Mother and Daughter Arrested in Drug Bust
Maplewood Police seize drugs, cash in a bust near Columbia High School.
Maplewood Police detectives arrested a mother and daughter after searching their Academy Street home and seizing over a half pound of marijuana, prescription narcotic pills, and an undisclosed amount of cash last week, according to Police Chief Robert Cimino.
Police discovered the drugs and cash while serving a search warrant for the house, on the 500 block of Academy Street, near Columbia High School. They arrested Michele Alphonso-Nutter, 43 and her daughter Chavier Alphonso, 19. They were charged with drug possession, possession near a school property and possession with the intent to distribute, along with possession of drug paraphernalia.
"This was the result of an ongoing investigation," said Chief Cimino, who said there had been several reports about suspicious activity at the house over a period of time. The arrests took place on August 22.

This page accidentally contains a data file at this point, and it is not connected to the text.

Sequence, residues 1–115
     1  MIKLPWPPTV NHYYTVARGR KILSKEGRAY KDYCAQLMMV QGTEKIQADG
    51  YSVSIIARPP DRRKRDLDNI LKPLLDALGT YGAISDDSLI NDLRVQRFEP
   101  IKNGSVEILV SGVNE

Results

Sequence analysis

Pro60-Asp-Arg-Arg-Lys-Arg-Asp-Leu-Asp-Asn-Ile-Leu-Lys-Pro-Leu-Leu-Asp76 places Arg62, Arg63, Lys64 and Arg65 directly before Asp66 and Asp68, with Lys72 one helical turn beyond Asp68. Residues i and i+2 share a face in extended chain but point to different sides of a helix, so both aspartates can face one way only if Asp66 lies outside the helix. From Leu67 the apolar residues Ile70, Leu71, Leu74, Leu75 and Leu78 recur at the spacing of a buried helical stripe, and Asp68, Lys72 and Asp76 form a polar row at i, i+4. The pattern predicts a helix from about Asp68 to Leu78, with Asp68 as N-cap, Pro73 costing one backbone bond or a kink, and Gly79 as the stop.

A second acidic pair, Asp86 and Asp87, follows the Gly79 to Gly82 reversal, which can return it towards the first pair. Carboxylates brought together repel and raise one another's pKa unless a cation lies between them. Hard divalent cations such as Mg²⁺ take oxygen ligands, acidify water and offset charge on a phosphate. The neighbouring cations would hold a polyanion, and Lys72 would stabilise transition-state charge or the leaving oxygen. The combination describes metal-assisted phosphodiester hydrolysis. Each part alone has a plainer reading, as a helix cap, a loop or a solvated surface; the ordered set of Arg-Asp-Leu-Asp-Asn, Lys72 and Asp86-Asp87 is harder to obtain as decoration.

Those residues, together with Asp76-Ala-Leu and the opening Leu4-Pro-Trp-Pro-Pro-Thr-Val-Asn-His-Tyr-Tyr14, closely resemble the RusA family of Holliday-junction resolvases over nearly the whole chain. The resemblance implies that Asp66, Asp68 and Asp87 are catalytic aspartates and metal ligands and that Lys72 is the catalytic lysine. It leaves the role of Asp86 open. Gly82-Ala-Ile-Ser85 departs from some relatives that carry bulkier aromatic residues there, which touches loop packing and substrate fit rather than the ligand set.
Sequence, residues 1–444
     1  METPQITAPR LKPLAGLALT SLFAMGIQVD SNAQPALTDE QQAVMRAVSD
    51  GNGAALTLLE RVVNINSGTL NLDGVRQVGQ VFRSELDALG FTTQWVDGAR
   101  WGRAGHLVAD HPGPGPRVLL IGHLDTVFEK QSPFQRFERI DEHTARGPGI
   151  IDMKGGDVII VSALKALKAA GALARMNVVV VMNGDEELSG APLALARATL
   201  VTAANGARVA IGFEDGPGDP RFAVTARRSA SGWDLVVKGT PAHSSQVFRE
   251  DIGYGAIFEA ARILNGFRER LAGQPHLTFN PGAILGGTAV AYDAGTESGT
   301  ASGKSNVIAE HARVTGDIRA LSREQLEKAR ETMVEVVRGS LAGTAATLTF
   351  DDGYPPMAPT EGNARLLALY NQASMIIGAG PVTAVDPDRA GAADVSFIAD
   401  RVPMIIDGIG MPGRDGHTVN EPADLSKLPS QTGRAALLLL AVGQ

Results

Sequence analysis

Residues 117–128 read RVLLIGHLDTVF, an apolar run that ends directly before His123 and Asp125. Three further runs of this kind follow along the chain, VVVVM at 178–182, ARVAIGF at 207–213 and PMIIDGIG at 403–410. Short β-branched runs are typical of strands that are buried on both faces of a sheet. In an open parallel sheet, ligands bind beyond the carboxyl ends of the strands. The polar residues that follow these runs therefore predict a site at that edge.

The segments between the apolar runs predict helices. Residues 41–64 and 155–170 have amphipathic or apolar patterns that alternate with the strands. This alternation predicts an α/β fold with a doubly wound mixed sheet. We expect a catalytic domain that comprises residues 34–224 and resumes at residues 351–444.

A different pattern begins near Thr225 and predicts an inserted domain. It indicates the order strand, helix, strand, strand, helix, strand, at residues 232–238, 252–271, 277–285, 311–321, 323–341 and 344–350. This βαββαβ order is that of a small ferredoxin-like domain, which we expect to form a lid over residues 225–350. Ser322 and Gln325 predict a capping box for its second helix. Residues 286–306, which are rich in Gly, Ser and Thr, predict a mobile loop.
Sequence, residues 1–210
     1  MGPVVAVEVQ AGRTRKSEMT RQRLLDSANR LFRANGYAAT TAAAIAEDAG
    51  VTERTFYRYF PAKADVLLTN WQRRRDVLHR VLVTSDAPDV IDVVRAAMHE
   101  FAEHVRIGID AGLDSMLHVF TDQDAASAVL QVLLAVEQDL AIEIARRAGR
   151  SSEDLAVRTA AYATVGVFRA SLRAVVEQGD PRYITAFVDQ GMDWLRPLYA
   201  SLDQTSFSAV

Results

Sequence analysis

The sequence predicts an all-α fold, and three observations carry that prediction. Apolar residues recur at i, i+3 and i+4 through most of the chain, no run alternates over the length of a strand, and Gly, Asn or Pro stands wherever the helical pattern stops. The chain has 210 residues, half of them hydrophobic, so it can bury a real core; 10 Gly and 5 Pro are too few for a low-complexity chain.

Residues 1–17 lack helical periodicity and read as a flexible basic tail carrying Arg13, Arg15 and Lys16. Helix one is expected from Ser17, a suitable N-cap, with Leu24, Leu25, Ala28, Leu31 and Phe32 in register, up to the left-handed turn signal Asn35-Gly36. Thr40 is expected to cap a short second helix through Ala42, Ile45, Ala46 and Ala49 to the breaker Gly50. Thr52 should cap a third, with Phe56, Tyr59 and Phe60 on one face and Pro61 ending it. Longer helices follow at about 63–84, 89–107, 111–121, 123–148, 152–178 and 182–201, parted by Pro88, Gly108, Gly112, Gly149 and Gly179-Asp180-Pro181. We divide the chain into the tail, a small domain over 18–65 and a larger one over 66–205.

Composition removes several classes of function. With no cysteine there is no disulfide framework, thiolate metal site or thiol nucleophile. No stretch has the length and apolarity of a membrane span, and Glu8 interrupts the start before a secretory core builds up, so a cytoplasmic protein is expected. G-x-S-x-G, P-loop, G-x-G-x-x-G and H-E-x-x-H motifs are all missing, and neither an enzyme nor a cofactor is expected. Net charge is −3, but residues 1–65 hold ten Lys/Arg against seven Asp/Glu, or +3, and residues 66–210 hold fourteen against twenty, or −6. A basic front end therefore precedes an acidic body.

Cimino said the amount of marijuana discovered was "indicative of an amount for distribution." He said detectives were concerned by the house's proximity to the high school.
According to arrest records, the mother was released on $25,000 bail; no information was available about the daughter.
The residence was the site of an armed robbery home invasion in March, during which a resident reported that several men forced their way into the house at gunpoint and demanded cash. That investigation is ongoing; no suspects have been arrested.
When asked if the two crimes were connected, Chief Cimino said, "In many cases when we do have a home invasion we find they are not random incidents."
Cimino said drug busts were not common in Maplewood. He also said, "I can't remember in my experience having a mother and daughter involved in this activity."
The chief urged residents to report suspicious activity in their neighborhoods, and not to be "frustrated" if they do not see immediate results.
"It takes time to develop sufficient cause to execute a warrant," said Cimino. "It is not as quick as people see it happen on TV."
He said that residents should call the detective bureau to report suspicous activity and should keep notes (such as writing down license plate numbers). He cautioned that residents should not confront anyone or put themselves in danger.
"If activity happens over a period of time, that will (lead) to an investigation," said Cimino.